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SECURE Act

The SECURE Act: What You Need to Know

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On December 16, 2019, Congress agreed to a spending bill which included a law called the Setting Every Community Up for Retirement Enhancement Act (SECURE Act). The SECURE Act was passed only by the House in the summer, but seemed to be falling by the wayside until it was attached to this spending bill. The new law is effective January 1, 2020. Below is some insight into the major implications of this new law, and some thoughts on how to lessen the impact of the most important change: the removal of the stretch RMD provisions on inherited IRAs. What did…
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gifting 2019

Do I need to make gifts before the end of the year?

By Blog
With all of the political uncertainty and recent changes in the tax law, our clients are wondering what to do about gifting. Below are answers to three commonly asked questions that we are getting this time of year. Note that this blog covers non-charitable gifts.* 1. Do I need to make gifts before the end of the year? Only if you are making annual exclusion gifts. You may give away $15,000 per person ($30,000 if gift-splitting with a spouse) each year tax-free. If you want to use your annual exclusion for 2019, the gift needs to be completed before the…
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new york estate tax cliff

Understanding New York’s Estate Tax “Cliff” – Updated October 2019

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It has been more than six years since some dramatic changes were made to New York’s gift and estate tax law. For many clients, the subject of the New York estate tax “cliff” continues to remain a source of confusion. This is for good reason. The New York cliff is not easy to understand, nor is it easy to know how it may impact your particular situation. The answers below are intended to guide those who remain baffled by the New York estate tax cliff. For a quick snapshot of the 2019 estate and gift tax rates for New York…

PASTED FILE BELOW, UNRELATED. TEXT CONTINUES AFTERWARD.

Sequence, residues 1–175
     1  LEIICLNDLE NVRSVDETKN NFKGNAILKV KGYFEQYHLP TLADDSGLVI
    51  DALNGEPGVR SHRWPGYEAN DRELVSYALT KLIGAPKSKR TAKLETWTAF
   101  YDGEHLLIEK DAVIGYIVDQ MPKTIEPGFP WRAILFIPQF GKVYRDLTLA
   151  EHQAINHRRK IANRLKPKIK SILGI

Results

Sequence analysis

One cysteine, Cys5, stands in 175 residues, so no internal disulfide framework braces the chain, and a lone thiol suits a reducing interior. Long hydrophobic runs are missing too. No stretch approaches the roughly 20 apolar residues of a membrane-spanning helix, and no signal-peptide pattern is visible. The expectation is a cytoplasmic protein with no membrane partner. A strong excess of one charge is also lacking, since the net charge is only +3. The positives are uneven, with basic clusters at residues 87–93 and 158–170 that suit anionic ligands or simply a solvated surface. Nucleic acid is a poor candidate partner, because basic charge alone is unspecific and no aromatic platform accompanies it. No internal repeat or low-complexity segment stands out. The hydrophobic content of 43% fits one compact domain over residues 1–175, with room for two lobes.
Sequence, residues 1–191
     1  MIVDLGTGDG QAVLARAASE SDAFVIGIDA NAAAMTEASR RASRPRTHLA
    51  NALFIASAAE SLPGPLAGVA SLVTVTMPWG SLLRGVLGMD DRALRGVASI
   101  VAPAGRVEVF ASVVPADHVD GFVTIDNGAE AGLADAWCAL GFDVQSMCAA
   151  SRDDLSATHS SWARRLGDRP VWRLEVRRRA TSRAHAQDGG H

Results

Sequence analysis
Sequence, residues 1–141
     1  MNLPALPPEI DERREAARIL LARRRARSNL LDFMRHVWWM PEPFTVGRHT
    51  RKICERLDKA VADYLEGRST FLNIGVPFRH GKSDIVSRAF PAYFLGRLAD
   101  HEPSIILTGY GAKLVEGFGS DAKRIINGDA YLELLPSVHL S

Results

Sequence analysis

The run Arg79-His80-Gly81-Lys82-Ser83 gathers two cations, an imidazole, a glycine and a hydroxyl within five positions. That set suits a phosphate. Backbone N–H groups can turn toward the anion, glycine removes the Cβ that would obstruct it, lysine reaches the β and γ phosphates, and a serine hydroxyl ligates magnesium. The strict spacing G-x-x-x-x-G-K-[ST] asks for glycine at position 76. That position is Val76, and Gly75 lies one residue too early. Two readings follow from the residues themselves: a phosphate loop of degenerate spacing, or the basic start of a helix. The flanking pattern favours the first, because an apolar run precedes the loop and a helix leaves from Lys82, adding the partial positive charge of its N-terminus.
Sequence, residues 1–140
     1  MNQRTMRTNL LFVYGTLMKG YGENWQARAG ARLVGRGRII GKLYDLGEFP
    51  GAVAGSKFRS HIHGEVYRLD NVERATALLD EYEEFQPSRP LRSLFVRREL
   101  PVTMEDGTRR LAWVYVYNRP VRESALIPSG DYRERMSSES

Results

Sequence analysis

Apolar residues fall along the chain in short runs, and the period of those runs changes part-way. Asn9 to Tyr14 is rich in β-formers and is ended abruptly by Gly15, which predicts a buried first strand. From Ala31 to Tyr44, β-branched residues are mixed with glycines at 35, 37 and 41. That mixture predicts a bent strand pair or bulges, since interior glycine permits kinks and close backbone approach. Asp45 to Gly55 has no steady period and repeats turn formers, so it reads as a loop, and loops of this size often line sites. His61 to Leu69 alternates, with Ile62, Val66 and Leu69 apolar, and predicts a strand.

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roth ira

What is a Mega Backdoor Roth IRA?

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Most people have heard of Roth IRAs. Those that qualify typically contribute and those that do not qualify can sometimes find a way to do so, as Zach Gering indicates here. In either case, you can do MORE. Take a step back and understand plan types and limits Depending on your current occupational status and business structure, you may or may not be able to open any of the accounts noted above. For starters, any individual can open an IRA (with certain age/income requirements). All of the other plans must be company sponsored. An optimal retirement plan design permits annual…
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backdoor roth contribution

The Benefits of a Backdoor Roth Contribution

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It is that time of the year – with tax season comes retirement account contribution season! The most popular retirement account of the current decade is the Roth IRA. It offers tax-free growth, tax-free withdrawals after age 59.5, and no minimum distribution requirements. Unlike traditional IRAs, Roth’s are funded with after-tax dollars. There is no tax deduction for contributing. Evaluating whether to contribute to a pre-tax or Roth IRA is a common exercise. A prevalent misconception is choosing a pre-tax account is the best option. This is mostly because the investor expects that his tax rate will decline in retirement.…